I wrote this in part for Kaylon Karrim and his inquisitive mind! A huge part of Anfield Index and a guy I call a friend.
Looking back over the three categories of normative ethics under philosophy – Virtue, Duty and Consequential – what fails to emerge is a clear-cut, definitive category that encompasses what we think of when we think of a superhero. Each category has heroes who adhere to its principles but also is easy to criticize each category for its incompleteness. Each category requires limitations because following any category too closely leads away from heroism. Virtue ethics emphasizes moral character in contrast to the approach which emphasizes rules (deontology) or that emphasizes the consequences of actions (consequentialism). Suppose someone is in need of help, well a deontologist will tell you it’s morally right to help someone in need but a utilitarian will tell you the possible consequences of doing so. All a bit confusing but I read a great book called “The Philosophy of Batman” which explains it greatly. Deontological Ethics or duty ethics is the normal position that judges the morality of an action based on the action’s adherence to a rule. Basically it’s a person blindly following rules because they were told so or that’s what you should do based on your civic duty. Consequentialism or Consequential ethics is the holding that the consequences of one’s conduct are the ultimate judgement about the rightness and wrongness of an act. The big question here is does the end justify the means? Without getting too deep into what ethics are which and breaking down what is better or best in any situation I just wanted to lay groundwork for this article.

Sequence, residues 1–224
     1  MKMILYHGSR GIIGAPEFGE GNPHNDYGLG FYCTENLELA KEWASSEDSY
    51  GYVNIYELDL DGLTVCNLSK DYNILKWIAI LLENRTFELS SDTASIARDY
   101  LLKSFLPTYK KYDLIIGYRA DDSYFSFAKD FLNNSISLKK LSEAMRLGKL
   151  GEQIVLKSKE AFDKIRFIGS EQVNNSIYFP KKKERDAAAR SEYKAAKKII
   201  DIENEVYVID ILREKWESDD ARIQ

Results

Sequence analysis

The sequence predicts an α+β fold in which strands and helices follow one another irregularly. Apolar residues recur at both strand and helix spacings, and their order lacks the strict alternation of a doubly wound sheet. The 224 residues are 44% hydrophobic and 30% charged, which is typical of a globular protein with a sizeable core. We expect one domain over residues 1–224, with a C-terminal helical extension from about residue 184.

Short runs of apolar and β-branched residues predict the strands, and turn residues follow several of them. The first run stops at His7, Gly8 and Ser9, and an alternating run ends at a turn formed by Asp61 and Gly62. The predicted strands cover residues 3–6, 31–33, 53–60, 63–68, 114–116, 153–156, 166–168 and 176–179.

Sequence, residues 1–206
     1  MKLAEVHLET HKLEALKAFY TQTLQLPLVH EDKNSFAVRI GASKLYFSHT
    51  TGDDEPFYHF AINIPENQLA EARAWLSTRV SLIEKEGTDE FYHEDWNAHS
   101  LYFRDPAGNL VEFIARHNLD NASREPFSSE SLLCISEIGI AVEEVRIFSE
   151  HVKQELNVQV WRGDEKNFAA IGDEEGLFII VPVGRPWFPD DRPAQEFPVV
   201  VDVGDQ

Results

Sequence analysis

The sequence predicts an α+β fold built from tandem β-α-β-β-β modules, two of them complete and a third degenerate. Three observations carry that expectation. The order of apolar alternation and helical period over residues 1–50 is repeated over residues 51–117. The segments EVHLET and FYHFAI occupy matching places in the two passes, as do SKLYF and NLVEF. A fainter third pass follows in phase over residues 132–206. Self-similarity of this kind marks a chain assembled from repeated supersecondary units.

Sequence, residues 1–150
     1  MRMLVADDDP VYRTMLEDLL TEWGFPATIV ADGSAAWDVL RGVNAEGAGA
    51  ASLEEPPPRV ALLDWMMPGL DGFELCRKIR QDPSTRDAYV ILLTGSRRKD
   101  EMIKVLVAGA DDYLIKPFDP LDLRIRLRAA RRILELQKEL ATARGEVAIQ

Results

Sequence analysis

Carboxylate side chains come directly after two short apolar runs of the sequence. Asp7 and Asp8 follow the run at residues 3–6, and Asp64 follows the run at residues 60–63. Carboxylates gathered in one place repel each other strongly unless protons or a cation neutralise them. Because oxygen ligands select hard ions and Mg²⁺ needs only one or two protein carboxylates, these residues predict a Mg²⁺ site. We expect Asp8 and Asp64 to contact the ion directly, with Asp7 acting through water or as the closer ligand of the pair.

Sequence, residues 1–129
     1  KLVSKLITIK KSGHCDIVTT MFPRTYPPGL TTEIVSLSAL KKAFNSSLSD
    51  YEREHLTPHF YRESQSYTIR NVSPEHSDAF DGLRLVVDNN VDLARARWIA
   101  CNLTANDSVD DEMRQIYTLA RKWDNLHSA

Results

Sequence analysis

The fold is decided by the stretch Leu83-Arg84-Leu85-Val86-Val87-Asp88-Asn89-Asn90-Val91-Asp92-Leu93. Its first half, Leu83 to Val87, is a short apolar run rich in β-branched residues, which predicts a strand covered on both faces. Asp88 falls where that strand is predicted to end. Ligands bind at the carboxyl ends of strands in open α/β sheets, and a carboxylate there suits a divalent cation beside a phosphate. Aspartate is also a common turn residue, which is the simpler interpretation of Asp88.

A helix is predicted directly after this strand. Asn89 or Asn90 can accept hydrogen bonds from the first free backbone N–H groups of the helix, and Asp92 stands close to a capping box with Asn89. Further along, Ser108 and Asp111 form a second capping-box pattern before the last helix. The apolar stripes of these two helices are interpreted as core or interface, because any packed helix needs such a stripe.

No one demonstrated following any category too closely than Alan Moore (one my of personal favourite writers) in his classic Watchmen series. The revolutionary message of Moore’s work is that superheroes can just as easily make society less safe. It doesn’t matter what form of ethics each hero uses if they always do what they consider the morally consistent thing, weigh the ends against the means, or are virtuous people. Each path leads to ordinary people being less safe no matter how you look at it.